THE BUS IS ON IT’S WAY to a place on the edge of town. There’s an English class I agreed to do for a teacher who’s on holiday, so I’ve not been down this way before; just highway and the lake all along the left side, mile after mile of flat water. It’ll take 20 minutes; not many stops on this route, no interruptions so I can try to slow down everything in ‘mind’ and see how that goes. Focus on the breath, getting comfortable, sounds and movements all around and some memory suddenly presents itself, related to something I was thinking about earlier. It must have been one of those ‘in-between’ things – how did that happen? The mind finds the space between moments?

Then back to the rumble and noise of the bus and busy with the confused flow of thoughts, moving from one scenario to another, trying to get everything to quieten down. No good saying: I don’t want to have these thoughts, because the mind state of ‘not wanting’ causes me to become even more attached to the confusion and I cannot easily disengage from the activity. So, leave that be and look for that space between thoughts – find refuge in that quiet space – it’s the only way. And there it is, the space that’s absent of thought: the space-in-between.

So, the way out is to be found by looking for the space in between. It’s prepositional? Reminded of a line from Ajahn Munindo’s commentary on Dhammapada Verse 380: ‘… carefully feeling our way into, around, over and under, the many moments of obstruction, life teaches us how to let go….’ [NEW MOON – Wednesday 18th July 2012] On either side and all around is the ‘busy-ness’ of thought and outside is the bus speeding along. Depending on what’s going on, the focus can move through these items of thought like a bird flutters through a tree – and still I’m in the space-in-between.

The bus engine is in top gear and accelerating. There’s an irregular swaying and I can focus on that and see the inner landscape at the same time. Focus on one item of thought and at the same time there is sufficient focus on another item of thought to be able to see it’s possible to be focused on both at the same time. It moves and changes and there’s a bit more focus on one than the other but I am able to see awareness can be in two or more places at the same time or it’s an awareness of one item of thought that includes awareness of another.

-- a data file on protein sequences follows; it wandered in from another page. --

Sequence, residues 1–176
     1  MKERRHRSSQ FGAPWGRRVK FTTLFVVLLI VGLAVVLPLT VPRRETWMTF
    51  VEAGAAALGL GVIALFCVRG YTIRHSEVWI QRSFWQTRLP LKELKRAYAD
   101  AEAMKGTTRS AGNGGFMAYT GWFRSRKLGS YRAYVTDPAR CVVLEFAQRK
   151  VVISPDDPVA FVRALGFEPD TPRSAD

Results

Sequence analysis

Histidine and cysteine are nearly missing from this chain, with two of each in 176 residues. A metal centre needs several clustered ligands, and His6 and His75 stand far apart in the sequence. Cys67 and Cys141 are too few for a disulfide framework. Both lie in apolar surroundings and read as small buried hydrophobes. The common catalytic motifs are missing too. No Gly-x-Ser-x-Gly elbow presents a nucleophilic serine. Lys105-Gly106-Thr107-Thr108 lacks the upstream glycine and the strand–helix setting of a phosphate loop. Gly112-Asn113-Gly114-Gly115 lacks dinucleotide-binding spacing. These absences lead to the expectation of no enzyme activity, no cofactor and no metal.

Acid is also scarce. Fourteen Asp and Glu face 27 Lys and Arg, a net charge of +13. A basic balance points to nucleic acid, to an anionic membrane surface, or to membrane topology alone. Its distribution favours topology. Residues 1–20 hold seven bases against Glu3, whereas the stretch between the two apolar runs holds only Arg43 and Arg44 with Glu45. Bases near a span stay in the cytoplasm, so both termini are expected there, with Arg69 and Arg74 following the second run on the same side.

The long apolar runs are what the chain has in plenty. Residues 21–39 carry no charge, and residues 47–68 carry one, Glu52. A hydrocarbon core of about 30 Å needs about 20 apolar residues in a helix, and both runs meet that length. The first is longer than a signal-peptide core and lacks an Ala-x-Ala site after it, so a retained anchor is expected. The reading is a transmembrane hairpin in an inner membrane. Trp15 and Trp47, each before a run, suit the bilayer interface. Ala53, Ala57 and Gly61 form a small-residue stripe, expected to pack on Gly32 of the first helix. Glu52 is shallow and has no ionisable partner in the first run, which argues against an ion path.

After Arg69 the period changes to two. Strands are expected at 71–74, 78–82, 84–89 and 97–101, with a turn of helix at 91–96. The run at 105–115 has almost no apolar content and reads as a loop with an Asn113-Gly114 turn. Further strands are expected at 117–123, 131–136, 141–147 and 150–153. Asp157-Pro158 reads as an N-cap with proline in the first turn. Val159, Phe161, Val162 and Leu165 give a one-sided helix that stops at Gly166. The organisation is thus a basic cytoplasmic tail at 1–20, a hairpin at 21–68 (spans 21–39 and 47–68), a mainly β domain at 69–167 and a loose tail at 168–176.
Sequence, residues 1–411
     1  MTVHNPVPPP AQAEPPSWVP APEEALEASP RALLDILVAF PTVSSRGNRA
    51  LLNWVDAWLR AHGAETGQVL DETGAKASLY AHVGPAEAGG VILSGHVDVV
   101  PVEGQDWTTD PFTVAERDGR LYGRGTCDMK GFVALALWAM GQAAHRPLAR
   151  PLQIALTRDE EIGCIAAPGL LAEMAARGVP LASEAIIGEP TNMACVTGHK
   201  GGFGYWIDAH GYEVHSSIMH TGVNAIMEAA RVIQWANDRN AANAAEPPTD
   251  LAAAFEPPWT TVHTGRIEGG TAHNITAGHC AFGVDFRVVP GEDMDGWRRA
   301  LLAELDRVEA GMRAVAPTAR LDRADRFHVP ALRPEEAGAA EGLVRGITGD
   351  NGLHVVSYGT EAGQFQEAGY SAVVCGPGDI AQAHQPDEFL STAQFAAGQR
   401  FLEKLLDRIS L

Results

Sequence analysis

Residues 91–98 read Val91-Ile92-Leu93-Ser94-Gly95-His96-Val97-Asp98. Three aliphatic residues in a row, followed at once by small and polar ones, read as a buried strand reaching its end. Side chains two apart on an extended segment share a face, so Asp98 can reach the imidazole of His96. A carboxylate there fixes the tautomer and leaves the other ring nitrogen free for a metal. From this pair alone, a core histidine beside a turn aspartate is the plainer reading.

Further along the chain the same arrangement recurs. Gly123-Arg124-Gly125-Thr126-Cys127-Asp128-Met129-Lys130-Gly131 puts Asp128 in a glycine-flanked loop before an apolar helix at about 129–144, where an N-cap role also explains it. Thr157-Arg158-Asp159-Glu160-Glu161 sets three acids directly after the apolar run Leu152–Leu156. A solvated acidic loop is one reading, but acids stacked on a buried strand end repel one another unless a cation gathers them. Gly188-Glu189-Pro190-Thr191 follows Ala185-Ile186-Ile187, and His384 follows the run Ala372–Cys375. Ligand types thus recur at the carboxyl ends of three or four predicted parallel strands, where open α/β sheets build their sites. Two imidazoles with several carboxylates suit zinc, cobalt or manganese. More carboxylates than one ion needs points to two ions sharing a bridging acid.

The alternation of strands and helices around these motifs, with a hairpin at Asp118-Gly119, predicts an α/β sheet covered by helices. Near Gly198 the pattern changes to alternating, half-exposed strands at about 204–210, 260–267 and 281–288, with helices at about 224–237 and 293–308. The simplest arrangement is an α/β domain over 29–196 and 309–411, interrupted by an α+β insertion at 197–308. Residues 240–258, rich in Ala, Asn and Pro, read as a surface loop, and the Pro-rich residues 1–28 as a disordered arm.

There’s a curiosity about this because it helps in getting relief from pain. I can momentarily ease back from the thought of a painful, aching back muscle for example, thinking, if there’s awareness of the painful back muscle, there’s another awareness that knows this – what is this ‘other’ awareness? There’s that small in-between space again that allows me to consider this; I’m seeing it from somewhere else. The reaction to the pain may have caused me to stumble upon this secret; this space-in-between. I just didn’t know how to get to it before.

It means I can be engaged in some kind of attachment and at the same time be aware that it is happening. I have another location from which I can be focused and the thinking process surrounding that clinging scenario can be observed from that ‘other’ location. If it’s seen, the attachment is less demanding (or not demanding at all) and without anything to which it can adhere, it ceases to be – gradually it’s just not there anymore. This awareness can be applied to everything. It is possible to contemplate the state of the body and it is possible to contemplate the mind contemplating this. Given time and the right circumstances, the various characteristics of the constructed ‘self’ can be seen. And, beyond that, everything that led to this….

In the meantime, if it all gets swept away in the confused traffic of thought again, it’s reasonable to say, OK, time to be absent now and the space-in-between is always there. Bus is approaching my stop, I gather my things and get ready to get off.


[Image: detail from a photo by Louk Vreeswijk]

One thought on “In-Between-Thing

  1. Pingback: confinement | dhamma footsteps

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